Before reading this graphic adaptation, I hadn’t read any part of Anne Frank’s diary since I was in middle school. Yet, t took no time at all for me to remember the family’s initial fears and eventual life within the factory’s annex.
Yes, the illustrations are captivating, but I kept thinking, why. Why does this book need a graphic adaptation? (And I know the diary has been made into two films. I have issues with those as well.) Some books are just waiting to be turned into graphic form, but for me, this diary might be best on its own. Folman discusses this in his afterward. He admits that he was very much conflicted with the ideas of representing her words correctly through the artwork and also editing out so much of the her writing. I guess on this one, I just land in the camp of when in doubt, don’t do it. Sure, cut out a soliloquy in Hamlet, or a scene with the Duke and the King in Huck Finn to turn those classics into a graphic novel, but cut out diary entries?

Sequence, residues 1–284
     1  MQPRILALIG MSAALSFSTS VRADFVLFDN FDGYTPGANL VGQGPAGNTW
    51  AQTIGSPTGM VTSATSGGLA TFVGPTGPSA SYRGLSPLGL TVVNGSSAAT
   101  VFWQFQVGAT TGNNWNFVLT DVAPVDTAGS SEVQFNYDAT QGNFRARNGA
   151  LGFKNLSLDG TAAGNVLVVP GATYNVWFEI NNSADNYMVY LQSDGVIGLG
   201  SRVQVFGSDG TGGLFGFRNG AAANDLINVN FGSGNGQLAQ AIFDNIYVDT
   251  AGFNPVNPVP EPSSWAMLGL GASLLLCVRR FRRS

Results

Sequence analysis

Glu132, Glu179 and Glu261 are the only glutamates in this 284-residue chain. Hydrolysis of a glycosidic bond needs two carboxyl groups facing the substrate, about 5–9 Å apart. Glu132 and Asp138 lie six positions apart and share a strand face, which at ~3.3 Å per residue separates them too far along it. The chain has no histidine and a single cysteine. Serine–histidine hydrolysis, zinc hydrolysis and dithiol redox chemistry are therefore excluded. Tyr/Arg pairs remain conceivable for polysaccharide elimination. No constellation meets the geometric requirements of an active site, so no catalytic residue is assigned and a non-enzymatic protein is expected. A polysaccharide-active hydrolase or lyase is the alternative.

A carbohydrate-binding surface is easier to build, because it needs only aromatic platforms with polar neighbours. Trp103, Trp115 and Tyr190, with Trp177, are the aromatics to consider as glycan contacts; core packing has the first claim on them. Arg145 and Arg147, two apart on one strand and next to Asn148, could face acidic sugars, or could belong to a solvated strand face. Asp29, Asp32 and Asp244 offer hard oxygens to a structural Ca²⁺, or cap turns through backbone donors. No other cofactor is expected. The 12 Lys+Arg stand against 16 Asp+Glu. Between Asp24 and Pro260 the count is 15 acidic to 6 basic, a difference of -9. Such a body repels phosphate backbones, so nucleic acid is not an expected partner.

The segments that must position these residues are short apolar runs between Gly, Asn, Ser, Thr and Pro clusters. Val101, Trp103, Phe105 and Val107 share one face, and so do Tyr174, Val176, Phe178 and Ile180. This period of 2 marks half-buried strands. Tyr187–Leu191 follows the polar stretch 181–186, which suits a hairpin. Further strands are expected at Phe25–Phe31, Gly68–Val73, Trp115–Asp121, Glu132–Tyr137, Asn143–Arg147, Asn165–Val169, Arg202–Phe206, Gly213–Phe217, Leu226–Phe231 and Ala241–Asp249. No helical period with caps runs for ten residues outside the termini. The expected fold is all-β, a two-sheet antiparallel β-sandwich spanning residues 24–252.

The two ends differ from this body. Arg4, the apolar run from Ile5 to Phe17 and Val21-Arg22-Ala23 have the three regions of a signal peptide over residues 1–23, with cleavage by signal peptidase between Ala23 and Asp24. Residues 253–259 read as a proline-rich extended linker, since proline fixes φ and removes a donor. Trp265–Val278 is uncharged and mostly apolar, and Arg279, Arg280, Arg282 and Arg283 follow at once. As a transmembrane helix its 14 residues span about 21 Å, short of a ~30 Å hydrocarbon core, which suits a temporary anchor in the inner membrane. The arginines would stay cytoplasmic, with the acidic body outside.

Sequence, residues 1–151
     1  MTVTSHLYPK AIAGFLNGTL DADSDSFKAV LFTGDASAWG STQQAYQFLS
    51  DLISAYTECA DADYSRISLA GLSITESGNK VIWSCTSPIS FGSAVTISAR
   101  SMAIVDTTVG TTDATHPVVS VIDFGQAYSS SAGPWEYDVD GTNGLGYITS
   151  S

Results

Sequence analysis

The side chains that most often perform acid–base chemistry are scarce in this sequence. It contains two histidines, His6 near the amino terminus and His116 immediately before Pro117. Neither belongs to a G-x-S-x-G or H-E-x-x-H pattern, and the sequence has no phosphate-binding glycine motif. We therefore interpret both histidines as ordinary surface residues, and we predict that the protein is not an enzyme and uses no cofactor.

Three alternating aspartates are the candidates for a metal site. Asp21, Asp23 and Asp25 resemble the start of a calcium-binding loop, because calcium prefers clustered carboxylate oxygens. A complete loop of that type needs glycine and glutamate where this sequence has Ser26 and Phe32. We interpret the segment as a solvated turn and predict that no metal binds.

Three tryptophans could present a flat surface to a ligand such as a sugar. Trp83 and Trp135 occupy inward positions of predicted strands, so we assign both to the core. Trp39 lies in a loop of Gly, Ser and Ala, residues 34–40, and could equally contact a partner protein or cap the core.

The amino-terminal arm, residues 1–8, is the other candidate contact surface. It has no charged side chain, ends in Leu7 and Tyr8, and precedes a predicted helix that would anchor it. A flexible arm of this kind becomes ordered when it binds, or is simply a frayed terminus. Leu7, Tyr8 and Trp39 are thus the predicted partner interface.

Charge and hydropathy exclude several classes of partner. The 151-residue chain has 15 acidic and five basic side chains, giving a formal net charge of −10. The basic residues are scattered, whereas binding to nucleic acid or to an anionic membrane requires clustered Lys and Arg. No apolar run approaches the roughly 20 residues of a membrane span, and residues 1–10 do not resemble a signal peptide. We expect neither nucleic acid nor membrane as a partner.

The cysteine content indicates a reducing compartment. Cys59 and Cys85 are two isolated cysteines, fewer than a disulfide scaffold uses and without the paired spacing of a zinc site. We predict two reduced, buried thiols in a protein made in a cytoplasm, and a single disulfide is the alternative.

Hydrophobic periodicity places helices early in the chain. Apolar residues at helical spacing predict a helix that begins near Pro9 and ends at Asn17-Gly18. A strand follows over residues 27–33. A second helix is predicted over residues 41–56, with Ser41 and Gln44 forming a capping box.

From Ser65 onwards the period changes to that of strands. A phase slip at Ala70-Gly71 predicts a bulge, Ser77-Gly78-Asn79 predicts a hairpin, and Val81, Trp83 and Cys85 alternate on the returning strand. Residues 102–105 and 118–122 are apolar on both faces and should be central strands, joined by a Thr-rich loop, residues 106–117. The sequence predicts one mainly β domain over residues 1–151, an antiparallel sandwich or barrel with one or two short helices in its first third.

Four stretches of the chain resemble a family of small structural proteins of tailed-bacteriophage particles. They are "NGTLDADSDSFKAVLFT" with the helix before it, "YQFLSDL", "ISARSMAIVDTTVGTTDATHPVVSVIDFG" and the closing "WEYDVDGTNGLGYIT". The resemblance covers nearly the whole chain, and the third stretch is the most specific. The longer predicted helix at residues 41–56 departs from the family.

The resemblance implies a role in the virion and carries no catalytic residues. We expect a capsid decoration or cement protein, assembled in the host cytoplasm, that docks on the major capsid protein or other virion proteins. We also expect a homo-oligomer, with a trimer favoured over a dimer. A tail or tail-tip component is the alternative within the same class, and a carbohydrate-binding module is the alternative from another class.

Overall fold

While it may be beautifully drawn and a good option to reach a reluctant readers, I feel it is best to leave Anne Frank’s words on paper and in the form she originally put them in.